This JEP Discussion is the final of a three-month series taking an in-depth look at the effects of climate change in Jamaica.
This month, responding to the publication of the contribution of Working Group II to the IPCC Sixth Assessment Report that assesses the impacts of climate change, the warnings in the recent IPCC, and the upcoming hurricane season, the panellists look at disaster preparations.
The panellists identified several critical hazards in Jamaica primarily impacted by climate change, with cyclones (hurricanes) naturally being at the top. However, they are also particularly concerned about people whose livelihoods depend on the coast and who may suffer from a confluence of impacts. With hurricanes, rising sea levels and threats to biodiversity, such coast-dependent lives are likely to suffer the strongest.
The respondents are optimistic about the government's new catastrophe bond launched last year, a first for a SIDS government. It provides Jamaica with up to USD 185 million in protection against losses caused by a named storm over three hurricane seasons. If anything, the JEP panellists would have liked to see an even larger catastrophe bond, mindful that the impact of a hurricane as powerful as Gilbert (1988) would cause estimated losses of up to USD 1.3 billion.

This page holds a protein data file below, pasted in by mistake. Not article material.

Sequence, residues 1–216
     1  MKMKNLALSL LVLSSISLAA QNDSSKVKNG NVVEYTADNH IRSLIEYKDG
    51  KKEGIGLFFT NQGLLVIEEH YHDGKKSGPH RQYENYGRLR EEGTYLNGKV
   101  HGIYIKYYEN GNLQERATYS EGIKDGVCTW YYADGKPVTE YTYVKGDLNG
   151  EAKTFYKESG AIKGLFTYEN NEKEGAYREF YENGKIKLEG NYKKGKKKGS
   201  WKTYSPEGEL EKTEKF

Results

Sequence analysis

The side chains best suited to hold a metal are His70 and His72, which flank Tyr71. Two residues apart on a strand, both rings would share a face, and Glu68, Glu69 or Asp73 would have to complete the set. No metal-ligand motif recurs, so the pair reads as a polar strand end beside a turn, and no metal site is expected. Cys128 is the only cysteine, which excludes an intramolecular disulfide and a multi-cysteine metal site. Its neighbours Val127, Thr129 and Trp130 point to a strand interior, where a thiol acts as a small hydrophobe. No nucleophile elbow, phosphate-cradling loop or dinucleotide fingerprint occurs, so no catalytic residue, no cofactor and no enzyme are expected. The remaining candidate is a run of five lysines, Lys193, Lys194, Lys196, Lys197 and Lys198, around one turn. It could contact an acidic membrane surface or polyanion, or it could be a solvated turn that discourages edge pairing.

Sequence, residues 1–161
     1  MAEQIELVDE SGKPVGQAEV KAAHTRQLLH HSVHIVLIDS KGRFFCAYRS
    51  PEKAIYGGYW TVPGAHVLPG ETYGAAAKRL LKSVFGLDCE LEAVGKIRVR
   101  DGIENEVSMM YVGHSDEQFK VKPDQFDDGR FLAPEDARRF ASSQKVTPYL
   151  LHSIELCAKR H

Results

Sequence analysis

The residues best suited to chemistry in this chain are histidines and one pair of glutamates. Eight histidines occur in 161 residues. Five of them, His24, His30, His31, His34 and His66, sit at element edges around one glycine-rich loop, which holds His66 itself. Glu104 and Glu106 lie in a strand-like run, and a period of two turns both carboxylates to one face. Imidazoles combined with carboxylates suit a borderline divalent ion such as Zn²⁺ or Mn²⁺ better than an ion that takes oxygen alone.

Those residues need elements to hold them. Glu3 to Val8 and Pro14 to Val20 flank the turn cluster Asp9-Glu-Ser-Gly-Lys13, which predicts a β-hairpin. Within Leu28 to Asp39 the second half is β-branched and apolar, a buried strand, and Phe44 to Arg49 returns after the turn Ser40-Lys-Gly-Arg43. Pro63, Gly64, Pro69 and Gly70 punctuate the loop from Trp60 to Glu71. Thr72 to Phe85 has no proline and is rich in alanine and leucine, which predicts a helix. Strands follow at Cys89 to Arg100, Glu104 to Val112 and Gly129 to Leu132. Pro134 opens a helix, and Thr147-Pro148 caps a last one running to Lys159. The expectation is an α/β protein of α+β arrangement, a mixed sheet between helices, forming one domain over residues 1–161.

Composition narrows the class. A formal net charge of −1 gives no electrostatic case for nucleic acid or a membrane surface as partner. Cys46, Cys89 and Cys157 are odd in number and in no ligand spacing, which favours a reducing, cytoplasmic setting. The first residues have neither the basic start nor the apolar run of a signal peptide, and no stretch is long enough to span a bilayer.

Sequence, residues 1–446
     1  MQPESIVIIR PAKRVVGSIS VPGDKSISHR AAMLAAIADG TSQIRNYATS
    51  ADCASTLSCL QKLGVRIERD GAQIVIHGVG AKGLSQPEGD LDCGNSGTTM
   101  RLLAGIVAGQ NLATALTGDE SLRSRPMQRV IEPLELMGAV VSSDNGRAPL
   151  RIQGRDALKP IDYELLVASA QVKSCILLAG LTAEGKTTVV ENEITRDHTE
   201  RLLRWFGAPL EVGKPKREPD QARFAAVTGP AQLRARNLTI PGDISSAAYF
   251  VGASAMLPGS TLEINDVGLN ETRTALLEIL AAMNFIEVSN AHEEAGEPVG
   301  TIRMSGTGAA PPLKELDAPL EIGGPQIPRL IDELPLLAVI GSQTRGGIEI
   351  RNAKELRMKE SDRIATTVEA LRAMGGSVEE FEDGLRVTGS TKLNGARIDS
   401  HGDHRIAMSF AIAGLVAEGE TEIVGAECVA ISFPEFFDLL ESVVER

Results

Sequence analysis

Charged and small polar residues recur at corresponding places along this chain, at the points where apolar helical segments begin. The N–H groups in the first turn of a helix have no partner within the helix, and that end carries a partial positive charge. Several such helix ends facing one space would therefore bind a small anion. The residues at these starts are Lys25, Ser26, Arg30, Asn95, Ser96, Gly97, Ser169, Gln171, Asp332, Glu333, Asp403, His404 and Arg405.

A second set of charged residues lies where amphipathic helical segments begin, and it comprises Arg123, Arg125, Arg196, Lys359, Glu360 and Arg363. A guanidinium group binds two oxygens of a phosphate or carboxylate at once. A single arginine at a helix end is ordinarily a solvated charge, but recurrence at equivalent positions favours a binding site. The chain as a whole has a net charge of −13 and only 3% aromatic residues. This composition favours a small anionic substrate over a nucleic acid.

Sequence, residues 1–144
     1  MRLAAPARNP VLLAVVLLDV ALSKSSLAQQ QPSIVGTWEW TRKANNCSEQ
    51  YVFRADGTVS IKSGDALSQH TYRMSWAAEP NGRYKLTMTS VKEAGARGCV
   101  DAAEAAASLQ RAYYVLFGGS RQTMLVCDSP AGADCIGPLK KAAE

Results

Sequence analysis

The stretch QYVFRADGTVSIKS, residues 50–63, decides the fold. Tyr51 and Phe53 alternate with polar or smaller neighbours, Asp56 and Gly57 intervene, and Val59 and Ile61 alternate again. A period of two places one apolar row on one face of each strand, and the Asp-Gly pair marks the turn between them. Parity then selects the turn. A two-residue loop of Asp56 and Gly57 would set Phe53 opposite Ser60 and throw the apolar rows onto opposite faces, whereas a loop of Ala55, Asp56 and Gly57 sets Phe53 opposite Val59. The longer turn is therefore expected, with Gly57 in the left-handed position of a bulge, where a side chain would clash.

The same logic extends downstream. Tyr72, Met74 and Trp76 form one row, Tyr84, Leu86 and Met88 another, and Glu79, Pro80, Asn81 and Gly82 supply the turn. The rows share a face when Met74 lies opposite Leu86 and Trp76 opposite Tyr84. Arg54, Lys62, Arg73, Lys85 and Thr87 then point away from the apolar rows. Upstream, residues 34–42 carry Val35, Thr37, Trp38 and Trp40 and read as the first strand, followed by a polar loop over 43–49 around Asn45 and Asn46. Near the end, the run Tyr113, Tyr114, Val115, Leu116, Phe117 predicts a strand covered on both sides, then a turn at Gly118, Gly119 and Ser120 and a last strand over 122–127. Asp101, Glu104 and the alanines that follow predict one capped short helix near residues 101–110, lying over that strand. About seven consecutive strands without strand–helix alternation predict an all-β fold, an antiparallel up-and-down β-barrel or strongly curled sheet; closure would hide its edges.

While mitigation continues to be the gold standard for climate change, there is no doubt that Small Island Developing States (SIDS) like Jamaica must also look at a myriad of adaptation efforts to reduce the impact of disasters. The respondents see opportunities for improving coastal defences, such as through the improvement of mangroves. Respondents recognize, however, that any investment in adaptation strategies will require substantial climate financing. While international development partners provide some opportunities for such climate financing, it is also crucial for the country to continue pursuing other avenues, including innovative private financing.
While Jamaica has not been directly impacted by any since 2012, the risk of hurricanes continues to be great. However, the prolonged absence of major hurricanes making landfall may have affected some of the preparations people pursue. While the panellists generally believe that much of the population is decently prepared, they are sceptical about the government and the private sector.
The full results of this month's discussion are available here.